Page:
The meteo-radar did not look promising when we woke approaching Rouen. Wet weather due west was headed due east. When the time came to head into the town, the wet weather was upon us. Have you ever noticed cities smell different when they are wet?
Rouen has a reputation. The place where Jeanne d’Arc was burned at the stake in 1431, a medieval financial powerhouse from 1499, a continuous allied bombing target in WWII (1942-1944) because of its rail yards and other logistic targets, but today a big part of its fame comes from the very large number of timber, wattle and daub structures still standing (if barely, in a case or two), and its city clock.
This town house was built in the late 1400s before the 1520 law that forbade overhanging upper floors
As we walked through the central section of the city we were surrounded by the architectural evidence that France* was English and England was French for a very large part of medieval and renaissance history. Between the timbers is wattle, a lattice of stripped branches, straw and mud. As noted before, restoration is a career in France. *OK, Normandy.
As with all our tours, both included and optional, our guide was excellent and kept her cool when harassed by a loitering guy dressed as a chicken. The bicycle fair was a nice positive after that bit of nonsense.
It was a crowded day, Father’s Day in France, and once again we received stern warnings about pickpockets. Unfortunately, it wasn’t enough to keep one of our group from donating the contents of her purse to a passing one.
Rouen is one of the places we’d like to see more of. Our walk around encompassed just a few city blocks, and there is so much more here. Even so, we’d wait for a sunny day.
Off we go…
Elodie sets the stage
Fresh is a big deal
Roen has a lower, slower budget for cleaning
from here on it’s all a LOT older than this
more roofless tunnels
Timber, wattle and daub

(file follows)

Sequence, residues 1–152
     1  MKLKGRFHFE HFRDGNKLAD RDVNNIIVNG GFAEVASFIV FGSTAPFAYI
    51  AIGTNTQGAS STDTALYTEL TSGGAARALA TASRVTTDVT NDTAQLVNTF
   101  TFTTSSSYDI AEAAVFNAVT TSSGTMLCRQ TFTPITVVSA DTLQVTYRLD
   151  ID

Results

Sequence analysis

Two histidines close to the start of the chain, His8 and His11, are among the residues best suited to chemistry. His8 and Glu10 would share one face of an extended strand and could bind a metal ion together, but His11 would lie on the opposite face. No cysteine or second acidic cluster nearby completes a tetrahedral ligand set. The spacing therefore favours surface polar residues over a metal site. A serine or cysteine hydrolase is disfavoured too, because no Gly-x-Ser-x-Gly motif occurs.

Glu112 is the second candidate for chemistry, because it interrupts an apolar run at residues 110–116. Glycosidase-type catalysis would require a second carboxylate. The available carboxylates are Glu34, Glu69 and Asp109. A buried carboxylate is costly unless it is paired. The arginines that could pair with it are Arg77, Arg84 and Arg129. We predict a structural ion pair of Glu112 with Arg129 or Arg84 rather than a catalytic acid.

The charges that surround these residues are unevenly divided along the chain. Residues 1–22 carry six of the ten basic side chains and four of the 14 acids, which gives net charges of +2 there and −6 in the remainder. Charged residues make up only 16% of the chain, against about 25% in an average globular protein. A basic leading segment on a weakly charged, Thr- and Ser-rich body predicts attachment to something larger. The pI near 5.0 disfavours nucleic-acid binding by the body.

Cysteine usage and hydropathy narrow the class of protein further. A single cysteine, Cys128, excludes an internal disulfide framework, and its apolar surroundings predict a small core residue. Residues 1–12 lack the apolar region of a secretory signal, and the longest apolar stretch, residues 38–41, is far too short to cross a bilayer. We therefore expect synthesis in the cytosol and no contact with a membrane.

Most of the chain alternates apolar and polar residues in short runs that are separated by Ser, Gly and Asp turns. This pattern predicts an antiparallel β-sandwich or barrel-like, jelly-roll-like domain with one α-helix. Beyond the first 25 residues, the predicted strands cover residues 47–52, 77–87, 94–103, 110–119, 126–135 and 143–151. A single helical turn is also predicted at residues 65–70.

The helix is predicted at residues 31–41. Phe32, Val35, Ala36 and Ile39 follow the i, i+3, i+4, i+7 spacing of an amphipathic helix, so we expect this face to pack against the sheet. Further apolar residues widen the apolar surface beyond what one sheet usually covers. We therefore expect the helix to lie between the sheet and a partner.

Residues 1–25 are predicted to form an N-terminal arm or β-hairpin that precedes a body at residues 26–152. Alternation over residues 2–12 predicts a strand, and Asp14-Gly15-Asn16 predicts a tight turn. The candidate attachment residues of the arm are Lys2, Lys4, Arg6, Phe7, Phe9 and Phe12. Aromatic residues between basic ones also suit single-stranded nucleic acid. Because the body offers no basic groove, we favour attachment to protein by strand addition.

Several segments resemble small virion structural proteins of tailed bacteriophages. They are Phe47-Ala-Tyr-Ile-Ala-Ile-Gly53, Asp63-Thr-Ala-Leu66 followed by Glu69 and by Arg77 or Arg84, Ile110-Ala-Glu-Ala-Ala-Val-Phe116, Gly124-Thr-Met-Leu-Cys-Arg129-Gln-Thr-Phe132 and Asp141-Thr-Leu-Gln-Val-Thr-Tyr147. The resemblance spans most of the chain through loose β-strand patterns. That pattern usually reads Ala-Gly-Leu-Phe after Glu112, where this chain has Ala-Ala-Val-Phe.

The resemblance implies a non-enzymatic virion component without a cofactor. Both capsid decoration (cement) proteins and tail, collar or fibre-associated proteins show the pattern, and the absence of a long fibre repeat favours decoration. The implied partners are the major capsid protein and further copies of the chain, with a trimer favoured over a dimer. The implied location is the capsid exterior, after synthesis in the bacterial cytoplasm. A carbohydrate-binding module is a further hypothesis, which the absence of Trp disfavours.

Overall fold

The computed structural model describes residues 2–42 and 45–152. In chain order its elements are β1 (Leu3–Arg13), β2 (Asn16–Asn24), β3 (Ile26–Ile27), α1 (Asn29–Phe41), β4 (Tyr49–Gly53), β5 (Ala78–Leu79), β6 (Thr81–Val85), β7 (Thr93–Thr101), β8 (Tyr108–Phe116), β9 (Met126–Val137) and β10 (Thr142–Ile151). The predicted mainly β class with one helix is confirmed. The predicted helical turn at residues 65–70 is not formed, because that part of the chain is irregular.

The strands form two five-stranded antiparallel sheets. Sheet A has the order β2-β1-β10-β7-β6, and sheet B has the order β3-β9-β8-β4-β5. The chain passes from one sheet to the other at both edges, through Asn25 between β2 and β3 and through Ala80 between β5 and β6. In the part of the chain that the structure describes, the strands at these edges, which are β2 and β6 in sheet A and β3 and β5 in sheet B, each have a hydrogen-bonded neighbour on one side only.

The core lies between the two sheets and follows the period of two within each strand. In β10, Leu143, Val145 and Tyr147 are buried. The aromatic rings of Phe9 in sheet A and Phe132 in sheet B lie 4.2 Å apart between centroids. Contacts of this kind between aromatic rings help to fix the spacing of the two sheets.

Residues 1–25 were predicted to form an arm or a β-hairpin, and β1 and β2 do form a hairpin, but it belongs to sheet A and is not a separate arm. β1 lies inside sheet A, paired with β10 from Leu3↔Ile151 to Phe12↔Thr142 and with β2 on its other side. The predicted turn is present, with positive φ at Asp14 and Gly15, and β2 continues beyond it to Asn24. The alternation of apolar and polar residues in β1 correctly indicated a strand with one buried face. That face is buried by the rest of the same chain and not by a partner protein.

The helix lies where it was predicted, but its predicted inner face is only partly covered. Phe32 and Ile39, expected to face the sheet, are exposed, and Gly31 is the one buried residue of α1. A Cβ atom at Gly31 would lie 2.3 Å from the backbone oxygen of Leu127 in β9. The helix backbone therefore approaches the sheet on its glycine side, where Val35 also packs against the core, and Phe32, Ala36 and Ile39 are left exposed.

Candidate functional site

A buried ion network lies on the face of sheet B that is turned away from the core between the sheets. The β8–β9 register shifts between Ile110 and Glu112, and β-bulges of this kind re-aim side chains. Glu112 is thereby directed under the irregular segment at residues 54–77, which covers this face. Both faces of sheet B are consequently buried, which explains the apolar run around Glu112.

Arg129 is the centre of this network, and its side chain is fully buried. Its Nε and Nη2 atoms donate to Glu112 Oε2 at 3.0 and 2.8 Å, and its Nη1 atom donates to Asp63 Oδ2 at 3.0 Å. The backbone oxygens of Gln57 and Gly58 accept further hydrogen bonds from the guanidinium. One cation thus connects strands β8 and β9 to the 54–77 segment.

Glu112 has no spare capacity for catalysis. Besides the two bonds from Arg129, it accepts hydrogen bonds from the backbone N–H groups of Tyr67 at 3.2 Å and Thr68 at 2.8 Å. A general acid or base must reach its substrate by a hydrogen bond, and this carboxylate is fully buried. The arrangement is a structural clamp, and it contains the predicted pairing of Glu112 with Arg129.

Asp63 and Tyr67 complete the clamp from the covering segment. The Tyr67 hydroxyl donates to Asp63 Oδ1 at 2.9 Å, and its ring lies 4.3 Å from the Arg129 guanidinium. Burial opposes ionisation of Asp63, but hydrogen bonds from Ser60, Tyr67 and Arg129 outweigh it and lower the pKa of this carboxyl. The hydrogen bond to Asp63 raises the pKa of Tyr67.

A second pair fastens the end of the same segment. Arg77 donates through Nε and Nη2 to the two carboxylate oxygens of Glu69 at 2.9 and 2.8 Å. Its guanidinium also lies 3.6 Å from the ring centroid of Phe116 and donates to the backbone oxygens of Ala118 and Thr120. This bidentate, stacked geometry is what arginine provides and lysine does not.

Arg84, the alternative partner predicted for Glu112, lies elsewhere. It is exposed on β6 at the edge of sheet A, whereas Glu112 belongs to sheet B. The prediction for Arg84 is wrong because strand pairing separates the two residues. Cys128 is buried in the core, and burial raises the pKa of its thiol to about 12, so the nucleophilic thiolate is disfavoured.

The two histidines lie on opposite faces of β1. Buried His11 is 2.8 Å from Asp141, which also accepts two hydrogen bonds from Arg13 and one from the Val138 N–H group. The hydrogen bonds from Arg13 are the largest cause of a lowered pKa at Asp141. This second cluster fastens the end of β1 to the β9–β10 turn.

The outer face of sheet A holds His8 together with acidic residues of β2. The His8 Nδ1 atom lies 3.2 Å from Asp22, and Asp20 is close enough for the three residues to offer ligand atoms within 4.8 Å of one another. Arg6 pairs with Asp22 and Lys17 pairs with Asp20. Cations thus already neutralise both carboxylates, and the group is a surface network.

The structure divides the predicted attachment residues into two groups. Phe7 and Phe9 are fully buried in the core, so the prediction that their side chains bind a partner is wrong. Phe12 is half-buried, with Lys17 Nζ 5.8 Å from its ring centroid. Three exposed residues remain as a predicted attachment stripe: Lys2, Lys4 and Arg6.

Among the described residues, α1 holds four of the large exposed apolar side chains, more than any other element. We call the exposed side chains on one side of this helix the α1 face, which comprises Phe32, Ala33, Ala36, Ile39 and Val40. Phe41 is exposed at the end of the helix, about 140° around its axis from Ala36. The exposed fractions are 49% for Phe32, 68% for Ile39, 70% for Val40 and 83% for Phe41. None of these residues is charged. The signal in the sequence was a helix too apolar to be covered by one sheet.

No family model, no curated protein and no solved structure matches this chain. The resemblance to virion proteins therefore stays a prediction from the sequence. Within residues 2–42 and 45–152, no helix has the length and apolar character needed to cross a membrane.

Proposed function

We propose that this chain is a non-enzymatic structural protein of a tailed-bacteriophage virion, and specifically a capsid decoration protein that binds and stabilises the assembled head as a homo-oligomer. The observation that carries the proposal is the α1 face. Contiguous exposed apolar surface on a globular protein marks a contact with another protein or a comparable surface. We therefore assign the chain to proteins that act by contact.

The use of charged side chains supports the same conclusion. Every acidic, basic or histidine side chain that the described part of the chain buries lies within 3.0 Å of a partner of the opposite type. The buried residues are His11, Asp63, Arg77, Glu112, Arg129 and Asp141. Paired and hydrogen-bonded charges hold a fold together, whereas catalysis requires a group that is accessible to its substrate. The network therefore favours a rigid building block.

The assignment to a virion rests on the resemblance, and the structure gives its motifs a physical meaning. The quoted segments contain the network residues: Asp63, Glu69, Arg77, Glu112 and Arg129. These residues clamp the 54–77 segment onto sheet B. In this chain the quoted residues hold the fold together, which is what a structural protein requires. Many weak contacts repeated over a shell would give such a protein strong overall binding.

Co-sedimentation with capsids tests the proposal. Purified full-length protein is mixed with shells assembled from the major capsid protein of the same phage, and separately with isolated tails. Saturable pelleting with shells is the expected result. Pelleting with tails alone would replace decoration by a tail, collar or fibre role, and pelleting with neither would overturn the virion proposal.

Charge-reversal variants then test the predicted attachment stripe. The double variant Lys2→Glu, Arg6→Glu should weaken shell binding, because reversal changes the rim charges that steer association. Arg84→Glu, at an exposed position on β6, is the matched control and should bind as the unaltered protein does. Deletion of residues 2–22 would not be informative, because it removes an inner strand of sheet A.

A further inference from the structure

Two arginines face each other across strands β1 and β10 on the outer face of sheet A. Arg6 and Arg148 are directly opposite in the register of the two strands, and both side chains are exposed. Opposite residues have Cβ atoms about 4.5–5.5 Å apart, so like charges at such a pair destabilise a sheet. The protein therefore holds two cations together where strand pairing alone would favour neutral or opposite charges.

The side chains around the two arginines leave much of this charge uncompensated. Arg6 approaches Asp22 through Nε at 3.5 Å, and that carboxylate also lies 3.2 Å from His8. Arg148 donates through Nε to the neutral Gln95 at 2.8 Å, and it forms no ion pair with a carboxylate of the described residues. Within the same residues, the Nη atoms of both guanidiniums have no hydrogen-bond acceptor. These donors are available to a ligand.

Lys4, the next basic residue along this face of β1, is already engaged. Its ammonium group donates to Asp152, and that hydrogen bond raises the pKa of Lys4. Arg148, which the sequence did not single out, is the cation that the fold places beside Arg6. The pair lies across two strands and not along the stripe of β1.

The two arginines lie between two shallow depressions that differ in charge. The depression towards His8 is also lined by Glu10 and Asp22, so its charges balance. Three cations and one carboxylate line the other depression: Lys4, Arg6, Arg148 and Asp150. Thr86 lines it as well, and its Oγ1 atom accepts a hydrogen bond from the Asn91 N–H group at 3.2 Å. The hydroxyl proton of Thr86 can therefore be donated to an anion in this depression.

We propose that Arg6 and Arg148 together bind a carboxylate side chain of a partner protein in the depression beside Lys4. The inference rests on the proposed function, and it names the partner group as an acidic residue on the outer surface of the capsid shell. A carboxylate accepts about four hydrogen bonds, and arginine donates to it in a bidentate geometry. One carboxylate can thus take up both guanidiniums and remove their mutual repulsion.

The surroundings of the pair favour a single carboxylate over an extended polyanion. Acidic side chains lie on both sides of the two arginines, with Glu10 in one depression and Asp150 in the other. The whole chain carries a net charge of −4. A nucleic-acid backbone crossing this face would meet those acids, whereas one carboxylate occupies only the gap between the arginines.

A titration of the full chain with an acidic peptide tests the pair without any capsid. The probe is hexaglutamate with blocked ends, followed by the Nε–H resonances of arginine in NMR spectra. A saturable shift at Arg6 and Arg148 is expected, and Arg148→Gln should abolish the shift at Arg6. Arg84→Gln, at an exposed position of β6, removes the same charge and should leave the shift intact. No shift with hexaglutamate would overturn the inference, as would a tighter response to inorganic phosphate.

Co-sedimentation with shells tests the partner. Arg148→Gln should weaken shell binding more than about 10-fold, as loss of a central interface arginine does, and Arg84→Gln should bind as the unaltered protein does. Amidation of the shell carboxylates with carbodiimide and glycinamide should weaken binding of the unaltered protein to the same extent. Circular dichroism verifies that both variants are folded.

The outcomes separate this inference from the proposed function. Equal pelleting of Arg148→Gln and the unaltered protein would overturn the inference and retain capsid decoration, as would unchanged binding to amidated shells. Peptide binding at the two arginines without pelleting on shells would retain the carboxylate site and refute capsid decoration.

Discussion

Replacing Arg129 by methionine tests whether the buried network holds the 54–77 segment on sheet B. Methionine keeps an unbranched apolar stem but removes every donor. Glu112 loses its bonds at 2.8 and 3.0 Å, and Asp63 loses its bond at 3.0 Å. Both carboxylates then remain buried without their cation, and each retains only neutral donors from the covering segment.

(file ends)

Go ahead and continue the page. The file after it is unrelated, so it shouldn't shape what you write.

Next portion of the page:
In as good a mood as we
just as ornate as Paris
500 plus years old
after the rain, life comes to the street
another hospital interior courtyard/cemetary
not a good omen
hand carved wood
another hanging floor (untaxed)
gargoyles carved not to interfere
a bright spot in a gray day
one had to have married well to enter here
a former water course feeding a water wheel
low brow gargoyle
more bright spots
a dark spot
a bad spot, (not street art)
porcelain — and unbroken!!
there’s a story here
portable bedpan for long banquets
image produced by selectively cleaning the limestone
contrast in styles
another rose window
a different kind of kneeling bench
originals brought inside to stop erosion
Richard the Lion Heart’s heart lies here
three colors of stone from three quarries
animal rights protesters
the growing crowd
the city clock
the city emblem = the holy lamb
bride, matron and maids
notice the axle placement
comfy on cobbles
late to register for space
the church commemorating the VIking influence
the back of the Viking Chirch
the back from inside
the cross commemorating Jeanne d’Arc’s pyre
the wood was stacked here
the oldest in town
Julia Child’s first French meal was here
color this gray day needed
the oldest inn in France
the friendliest non-English speaker we met worked here
A smile always makes fun To the people you love. In addition it is good for morale. So do not make me one. Here’s mine, just for you.
resting our feet
Coq au Vin
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